Circulating RNA in plasma or serum has been an emerging field for noninvasive diagnostic applications . More recently, MicroRNAs (miRNAs) have been detected in human peripheral blood, being remarkably stable in spite of the high amounts of endogenous ribonuclease in the blood of cancer patients . Moreover, several clinical trials have been approved by the FDA to assess the value of serum miRNAs in cancer diagnosis (http://clinicaltrials.gov) . At present, several lncRNAs have been characterized as potential tumor markers in human fluids. For example, MALAT1 was found to be significantly up-regulated in plasma of prostate cancer patients, and could be used to discriminate cancer patients from healthy controls [6, 15]. In gastric cancer patients, plasma AA174084 levels dropped markedly on day 15 after surgery compared with preoperative levels and were associated with invasion and lymphatic metastasis [6, 15]. However, to our knowledge to date, no study has been performed regarding the circulating lncRNAs for early detection of ESCC patients.
In the present study, 10 lncRNAs (HOTAIR, AFAP1-AS1, POU3F3, HNF1A-AS1, 91H, PlncRNA1, SPRY4-IT1, ENST00000435885.1, XLOC_013104 and ENST00000547963.1) that were previously reported with deregulated expression in esophageal cancer were selected as candidate diagnostic makers [16–23]. They were examined in tissues and plasma, and their potential use as tumor markers for ESCC detection were evaluated. We hypothesized that these ESCC-related lncRNAs might be released into the circulation during ESCC initiation and could be utilized to detect and monitor ESCC. To test the hypothesis, the following crucial questions need to be addressed: 1) the stability of circulating lncRNAs in plasma and serum, 2) the relationship between tumor tissue lncRNAs and circulating lncRNAs, 3) and the source of circulating lncRNAs (from cancer cells or from normal blood cells).
Evaluation and screening of candidate endogenous control
In order to evaluate and screen the optimal endogenous control for lncRNAs analysis of tissues and cells, the candidate reference genes (GAPDH, TBP, β-actin and HPRT1) were measured in 21-pair ESCC tumor tissues and adjacent normal tissues. The raw Ct values were provided in the supporting information (Additional file 1: Table S1). Finally, through four common algorithms (Normfinder, geNorm, BestKeeper, and the Comparative △△Ct method) which were described elsewhere in details , GAPDH was identified as the most stable endogenous control for tissues lncRNAs analysis (Table 1).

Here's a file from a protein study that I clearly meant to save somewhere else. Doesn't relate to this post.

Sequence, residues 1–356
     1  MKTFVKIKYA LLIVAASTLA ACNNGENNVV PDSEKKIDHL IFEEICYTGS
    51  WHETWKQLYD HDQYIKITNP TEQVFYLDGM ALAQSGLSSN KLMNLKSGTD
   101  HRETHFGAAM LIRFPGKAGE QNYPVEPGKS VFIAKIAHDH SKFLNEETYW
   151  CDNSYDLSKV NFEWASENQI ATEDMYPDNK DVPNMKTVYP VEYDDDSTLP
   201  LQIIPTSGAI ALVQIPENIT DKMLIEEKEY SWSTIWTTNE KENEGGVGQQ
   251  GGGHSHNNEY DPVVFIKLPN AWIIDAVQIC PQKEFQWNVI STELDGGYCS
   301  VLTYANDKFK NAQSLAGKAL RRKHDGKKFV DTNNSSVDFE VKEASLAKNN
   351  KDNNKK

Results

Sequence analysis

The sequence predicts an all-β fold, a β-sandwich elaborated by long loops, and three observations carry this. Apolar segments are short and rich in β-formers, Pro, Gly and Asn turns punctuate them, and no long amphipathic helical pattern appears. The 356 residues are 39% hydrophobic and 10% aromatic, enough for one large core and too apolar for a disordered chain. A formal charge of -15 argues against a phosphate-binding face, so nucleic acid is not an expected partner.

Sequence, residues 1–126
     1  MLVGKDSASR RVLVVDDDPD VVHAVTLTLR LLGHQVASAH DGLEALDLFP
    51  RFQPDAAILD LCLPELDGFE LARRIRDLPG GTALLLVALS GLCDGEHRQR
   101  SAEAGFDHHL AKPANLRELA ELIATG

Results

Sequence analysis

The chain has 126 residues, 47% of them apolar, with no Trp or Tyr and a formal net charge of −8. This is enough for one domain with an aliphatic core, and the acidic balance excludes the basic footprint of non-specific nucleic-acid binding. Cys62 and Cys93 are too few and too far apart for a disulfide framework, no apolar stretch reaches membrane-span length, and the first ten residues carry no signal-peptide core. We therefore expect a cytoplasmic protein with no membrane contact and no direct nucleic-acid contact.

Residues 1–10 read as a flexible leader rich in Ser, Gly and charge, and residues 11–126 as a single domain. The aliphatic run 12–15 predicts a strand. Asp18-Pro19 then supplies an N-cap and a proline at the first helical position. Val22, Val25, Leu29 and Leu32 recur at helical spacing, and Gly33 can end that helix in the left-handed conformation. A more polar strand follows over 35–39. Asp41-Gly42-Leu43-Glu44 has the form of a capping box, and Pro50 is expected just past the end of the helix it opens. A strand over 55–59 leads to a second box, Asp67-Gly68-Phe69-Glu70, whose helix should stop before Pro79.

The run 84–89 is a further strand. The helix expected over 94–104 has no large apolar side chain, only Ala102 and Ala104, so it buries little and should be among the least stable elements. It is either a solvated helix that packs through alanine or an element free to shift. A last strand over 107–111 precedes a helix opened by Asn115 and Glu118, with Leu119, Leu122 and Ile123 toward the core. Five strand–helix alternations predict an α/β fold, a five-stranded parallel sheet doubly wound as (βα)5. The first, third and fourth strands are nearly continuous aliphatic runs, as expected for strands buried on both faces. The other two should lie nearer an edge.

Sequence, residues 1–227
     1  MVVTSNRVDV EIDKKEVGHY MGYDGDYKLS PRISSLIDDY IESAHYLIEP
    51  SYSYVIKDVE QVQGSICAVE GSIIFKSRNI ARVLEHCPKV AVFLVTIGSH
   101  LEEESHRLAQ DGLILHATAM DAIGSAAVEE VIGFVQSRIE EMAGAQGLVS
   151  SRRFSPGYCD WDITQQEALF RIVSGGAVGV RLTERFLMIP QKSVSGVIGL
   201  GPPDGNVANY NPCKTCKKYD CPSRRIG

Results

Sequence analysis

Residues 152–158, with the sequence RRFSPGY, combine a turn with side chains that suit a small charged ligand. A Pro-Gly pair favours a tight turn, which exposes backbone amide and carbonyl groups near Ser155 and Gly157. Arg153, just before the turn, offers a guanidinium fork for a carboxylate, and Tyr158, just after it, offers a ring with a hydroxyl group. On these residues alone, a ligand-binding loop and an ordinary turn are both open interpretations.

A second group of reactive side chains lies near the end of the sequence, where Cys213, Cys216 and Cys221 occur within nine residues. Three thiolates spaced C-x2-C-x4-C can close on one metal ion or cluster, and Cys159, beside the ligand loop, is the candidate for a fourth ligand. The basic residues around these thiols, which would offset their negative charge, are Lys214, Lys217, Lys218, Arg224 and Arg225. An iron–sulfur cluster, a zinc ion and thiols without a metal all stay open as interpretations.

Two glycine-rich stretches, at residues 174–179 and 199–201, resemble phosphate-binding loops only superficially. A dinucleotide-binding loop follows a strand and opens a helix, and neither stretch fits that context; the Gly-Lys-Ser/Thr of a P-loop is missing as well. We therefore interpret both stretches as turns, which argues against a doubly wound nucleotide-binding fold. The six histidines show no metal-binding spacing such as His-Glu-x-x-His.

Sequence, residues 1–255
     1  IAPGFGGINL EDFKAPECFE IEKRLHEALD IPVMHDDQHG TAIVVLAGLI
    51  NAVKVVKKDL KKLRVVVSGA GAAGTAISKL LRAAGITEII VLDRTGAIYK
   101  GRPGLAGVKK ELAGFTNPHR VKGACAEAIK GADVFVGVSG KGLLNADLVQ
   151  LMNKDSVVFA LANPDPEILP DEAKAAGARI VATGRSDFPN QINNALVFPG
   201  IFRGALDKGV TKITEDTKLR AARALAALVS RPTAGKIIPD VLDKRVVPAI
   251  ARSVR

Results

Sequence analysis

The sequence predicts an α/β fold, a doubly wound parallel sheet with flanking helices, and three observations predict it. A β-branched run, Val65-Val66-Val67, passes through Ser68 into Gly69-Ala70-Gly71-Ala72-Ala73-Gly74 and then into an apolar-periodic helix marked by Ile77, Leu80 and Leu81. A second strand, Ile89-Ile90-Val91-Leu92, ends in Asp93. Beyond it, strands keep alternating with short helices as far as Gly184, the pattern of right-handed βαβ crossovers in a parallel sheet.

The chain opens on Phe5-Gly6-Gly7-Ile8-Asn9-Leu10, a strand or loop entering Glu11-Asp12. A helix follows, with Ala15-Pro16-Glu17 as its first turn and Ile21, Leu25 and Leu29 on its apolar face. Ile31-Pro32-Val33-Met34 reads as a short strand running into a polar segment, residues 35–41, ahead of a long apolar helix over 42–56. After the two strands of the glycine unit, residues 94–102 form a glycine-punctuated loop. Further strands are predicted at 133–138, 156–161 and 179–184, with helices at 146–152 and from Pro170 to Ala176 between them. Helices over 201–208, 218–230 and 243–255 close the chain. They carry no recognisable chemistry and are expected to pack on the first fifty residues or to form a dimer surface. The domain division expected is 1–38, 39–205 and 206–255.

However, for the early stage of circulating lncRNAs study, no consensus exists on the use of endogenous control for detection the lncRNAs in plasma. GAPDH, which was reported to be stably expressed in plasma and was selected as internal control in plasma by others before , was regarded as an ideal internal control for plasma assay. Therefore, GAPDH expression was measured in 270 plasma samples (147cases and 123controls). Results revealed that GAPDH level was stable in human plasma and was not affected by age, sex, and pathology (Additional file 2: Table S2).
Selection and detection of ESCC-related lncRNAs
On the basis of previous study, 10 lncRNAs (HOTAIR, AFAP1-AS1, POU3F3, HNF1A-AS1, PlncRNA1, SPRY4-IT1, ENST00000435885.1, ENST00000547963.1, 91H and XLOC_013104) which have been reported to be differently expressed in esophageal cancer were selected in the present study. All the lncRNAs were then subjected to qPCR validation, which was performed in 48 pairs of ESCC tumor tissues and adjacent normal tissues. Among them, HOTAIR, AFAP1-AS1, POU3F3, HNF1A-AS1, PlncRNA1, SPRY4-IT1, ENST00000435885.1 and ENST00000547963.1 were significantly higher in most of ESCC tumor tissues compared with paired adjacent normal tissues (Figure 1). However, expression of 91H and XLOC_013104 did not show any significantly different expression between the two groups and therefore were ruled out in the subsequent study (Figure 1).